From a statistics standpoint, the standard deviation of a dataset is a measure of the magnitude of deviations between the values of the observations contained in the dataset. From a financial standpoint, the standard deviation can help investors quantify how risky an investment is and determine their minimum required return on the investment.


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Ri – the return observed in one period (one observation in the data set)

Ravg – the arithmetic mean of the returns observed

n – the number of observations in the dataset

Sharpe Ratio

Sharpe Ratio of a mutual fund reveals its potential risk-adjusted returns. The risk-adjusted returns are the returns earned by an investment over the returns generated by any risk-free asset such as a fixed deposit. However, higher returns indicate extra risk. Higher Sharpe Ratio means greater returns from an investment but with a higher risk level. Therefore, it justifies the underlying volatility of the funds. The investors aiming for higher returns will have to invest in funds with higher risk factors.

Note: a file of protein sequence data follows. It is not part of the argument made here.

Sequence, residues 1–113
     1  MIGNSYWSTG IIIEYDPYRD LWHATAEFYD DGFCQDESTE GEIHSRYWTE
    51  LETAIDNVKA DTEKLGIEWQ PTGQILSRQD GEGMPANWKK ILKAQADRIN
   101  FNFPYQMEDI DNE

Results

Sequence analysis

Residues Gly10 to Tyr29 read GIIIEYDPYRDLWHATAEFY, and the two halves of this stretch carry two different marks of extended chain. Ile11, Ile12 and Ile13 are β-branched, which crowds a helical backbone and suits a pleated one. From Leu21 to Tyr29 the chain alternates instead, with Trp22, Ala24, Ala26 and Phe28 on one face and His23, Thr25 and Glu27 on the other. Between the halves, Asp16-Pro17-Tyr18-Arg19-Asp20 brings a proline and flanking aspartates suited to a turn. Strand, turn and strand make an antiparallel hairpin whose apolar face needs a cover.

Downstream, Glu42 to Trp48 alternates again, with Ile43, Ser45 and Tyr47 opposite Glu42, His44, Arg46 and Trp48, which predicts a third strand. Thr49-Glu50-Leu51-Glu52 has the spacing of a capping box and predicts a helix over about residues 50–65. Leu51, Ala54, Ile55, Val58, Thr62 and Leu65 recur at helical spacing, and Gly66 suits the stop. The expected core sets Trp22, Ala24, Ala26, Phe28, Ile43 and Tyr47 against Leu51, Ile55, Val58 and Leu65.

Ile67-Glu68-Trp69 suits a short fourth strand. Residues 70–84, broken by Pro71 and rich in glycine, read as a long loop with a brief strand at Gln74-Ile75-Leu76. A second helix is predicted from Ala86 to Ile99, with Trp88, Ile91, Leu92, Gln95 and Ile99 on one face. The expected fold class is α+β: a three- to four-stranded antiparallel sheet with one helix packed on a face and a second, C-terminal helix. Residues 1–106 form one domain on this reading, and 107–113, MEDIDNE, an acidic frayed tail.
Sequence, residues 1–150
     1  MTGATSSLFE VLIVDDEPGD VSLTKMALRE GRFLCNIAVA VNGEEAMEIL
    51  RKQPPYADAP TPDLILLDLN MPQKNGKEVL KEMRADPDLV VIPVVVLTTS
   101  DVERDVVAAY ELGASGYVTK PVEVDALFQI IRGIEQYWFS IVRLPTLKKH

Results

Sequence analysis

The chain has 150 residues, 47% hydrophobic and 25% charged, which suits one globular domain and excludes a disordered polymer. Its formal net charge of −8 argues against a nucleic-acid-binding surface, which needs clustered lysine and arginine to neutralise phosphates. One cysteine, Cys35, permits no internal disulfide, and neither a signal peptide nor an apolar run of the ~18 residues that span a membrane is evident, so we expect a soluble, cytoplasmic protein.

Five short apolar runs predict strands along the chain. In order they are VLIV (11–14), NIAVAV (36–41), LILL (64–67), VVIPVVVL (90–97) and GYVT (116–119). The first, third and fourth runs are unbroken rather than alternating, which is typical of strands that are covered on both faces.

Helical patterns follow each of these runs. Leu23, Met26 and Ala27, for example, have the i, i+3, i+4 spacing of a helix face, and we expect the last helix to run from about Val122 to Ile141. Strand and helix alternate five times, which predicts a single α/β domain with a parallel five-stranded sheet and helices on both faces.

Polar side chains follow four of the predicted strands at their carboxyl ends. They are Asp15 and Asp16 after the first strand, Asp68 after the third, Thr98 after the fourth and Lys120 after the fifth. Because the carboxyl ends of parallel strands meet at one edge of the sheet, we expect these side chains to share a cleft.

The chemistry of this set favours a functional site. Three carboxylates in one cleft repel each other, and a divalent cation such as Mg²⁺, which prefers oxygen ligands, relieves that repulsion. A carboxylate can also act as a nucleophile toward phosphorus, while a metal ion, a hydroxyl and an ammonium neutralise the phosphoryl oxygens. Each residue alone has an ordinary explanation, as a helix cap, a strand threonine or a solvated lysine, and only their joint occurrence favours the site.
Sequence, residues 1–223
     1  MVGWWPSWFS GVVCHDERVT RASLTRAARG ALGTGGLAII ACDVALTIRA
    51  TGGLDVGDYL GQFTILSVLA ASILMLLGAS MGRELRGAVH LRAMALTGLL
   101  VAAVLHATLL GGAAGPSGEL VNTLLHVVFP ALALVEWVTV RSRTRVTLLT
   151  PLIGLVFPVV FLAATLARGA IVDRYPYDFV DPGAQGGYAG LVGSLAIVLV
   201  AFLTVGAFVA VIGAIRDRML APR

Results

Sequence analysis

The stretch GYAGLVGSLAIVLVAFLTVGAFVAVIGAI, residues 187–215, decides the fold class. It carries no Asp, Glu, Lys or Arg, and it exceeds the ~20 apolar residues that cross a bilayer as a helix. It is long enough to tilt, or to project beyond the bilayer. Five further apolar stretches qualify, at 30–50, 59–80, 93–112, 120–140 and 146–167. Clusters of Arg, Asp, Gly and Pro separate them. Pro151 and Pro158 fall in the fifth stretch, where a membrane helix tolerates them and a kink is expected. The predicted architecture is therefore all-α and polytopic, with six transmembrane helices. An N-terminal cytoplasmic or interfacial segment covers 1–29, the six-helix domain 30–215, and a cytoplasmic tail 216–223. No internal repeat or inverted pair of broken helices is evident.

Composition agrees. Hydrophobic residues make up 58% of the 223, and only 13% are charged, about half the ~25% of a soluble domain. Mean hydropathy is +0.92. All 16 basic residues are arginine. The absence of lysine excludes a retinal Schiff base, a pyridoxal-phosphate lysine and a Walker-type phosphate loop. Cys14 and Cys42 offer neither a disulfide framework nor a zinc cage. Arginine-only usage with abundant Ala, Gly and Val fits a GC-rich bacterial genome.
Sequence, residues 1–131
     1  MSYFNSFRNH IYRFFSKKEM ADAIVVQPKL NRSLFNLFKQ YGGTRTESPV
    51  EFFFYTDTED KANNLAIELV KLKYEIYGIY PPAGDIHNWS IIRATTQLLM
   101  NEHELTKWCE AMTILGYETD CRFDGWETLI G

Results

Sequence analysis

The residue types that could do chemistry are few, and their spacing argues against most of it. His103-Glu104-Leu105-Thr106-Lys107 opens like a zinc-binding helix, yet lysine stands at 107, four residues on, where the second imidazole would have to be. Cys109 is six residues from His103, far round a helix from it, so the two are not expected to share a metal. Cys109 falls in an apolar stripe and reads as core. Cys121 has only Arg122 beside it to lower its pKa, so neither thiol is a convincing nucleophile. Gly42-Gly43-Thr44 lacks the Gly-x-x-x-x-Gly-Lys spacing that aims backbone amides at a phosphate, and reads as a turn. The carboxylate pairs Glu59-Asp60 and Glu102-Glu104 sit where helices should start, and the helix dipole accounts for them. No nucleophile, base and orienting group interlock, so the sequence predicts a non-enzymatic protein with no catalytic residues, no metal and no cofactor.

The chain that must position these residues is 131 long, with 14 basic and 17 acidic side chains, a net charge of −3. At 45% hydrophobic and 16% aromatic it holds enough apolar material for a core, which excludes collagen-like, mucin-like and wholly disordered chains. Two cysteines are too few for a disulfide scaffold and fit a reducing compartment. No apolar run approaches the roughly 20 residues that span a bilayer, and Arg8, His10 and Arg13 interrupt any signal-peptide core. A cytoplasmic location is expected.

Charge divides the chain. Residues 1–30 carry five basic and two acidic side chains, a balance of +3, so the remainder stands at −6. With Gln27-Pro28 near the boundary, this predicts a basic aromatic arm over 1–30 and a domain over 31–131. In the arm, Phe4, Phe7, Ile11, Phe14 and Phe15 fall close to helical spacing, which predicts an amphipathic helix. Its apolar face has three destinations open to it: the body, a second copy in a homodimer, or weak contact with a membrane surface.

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Beta denotes the sensitivity of the mutual fund towards market movements. It is the measure of the volatility of the mutual fund portfolio to the market. When you are looking at the beta of a mutual fund, you are finding out the tendency of your investment's return to respond to the ups and downs in the market. Here, the market usually refers to the benchmark index the fund follows. The beta of the market or benchmark is always taken as 1. Any beta less than 1 denotes lower volatility and higher than 1 denotes more volatility compared to the benchmark index.

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Covariance = Measure of a stock’s return relative to that of the market

Variance = Measure of how the market moves relative to its mean

Treynor Ratio

The Treynor ratio, also known as the reward-to-volatility ratio, is a performance metric for determining how much excess return was generated for each unit of risk taken on by a portfolio. Excess return in this sense refers to the return earned above the return that could have been earned in a risk-free investment. Although there is no true risk-free investment, treasury bills are often used to represent the risk-free return in the Treynor ratio. Risk in the Treynor ratio refers to systematic risk as measured by a portfolio's beta. Beta measures the tendency of a portfolio's return to change in response to changes in return for the overall market.